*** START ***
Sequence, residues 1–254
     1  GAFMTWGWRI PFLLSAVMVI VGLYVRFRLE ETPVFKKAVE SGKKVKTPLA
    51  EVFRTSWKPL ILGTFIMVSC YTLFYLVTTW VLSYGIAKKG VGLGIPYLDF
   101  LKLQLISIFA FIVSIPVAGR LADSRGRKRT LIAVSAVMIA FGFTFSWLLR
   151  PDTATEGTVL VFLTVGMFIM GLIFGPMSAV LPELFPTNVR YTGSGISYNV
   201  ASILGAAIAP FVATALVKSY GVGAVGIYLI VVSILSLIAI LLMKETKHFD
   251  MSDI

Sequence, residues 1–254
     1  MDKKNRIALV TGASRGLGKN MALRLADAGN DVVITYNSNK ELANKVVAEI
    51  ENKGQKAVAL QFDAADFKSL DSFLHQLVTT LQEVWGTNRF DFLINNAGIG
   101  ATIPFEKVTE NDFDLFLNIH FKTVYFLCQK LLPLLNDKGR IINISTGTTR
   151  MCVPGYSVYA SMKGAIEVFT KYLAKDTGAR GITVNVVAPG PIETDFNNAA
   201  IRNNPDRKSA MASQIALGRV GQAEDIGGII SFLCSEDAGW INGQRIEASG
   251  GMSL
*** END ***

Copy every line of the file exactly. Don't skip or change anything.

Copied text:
Sequence, residues 1–254
     1  GAFMTWGWRI PFLLSAVMVI VGLYVRFRLE ETPVFKKAVE SGKKVKTPLA
    51  EVFRTSWKPL ILGTFIMVSC YTLFYLVTTW VLSYGIAKKG VGLGIPYLDF
   101  LKLQLISIFA FIVSIPVAGR LADSRGRKRT LIAVSAVMIA FGFTFSWLLR
   151  PDTATEGTVL VFLTVGMFIM GLIFGPMSAV LPELFPTNVR YTGSGISYNV
   201  ASILGAAIAP FVATALVKSY GVGAVGIYLI VVSILSLIAI LLMKETKHFD
   251  MSDI

Sequence, residues 1–254
     1  MDKKNRIALV TGASRGLGKN MALRLADAGN DVVITYNSNK ELANKVVAEI
    51  ENKGQKAVAL QFDAADFKSL DSFLHQLVTT LQEVWGTNRF DFLINNAGIG
   101  ATIPFEKVTE NDFDLFLNIH FKTVYFLCQK LLPLLNDKGR IINISTGTTR
   151  MCVPGYSVYA SMKGAIEVFT KYLAKDTGAR GITVNVVAPG PIETDFNNAA
   201  IRNNPDRKSA MASQIALGRV GQAEDIGGII SFLCSEDAGW INGQRIEASG
   251  GMSL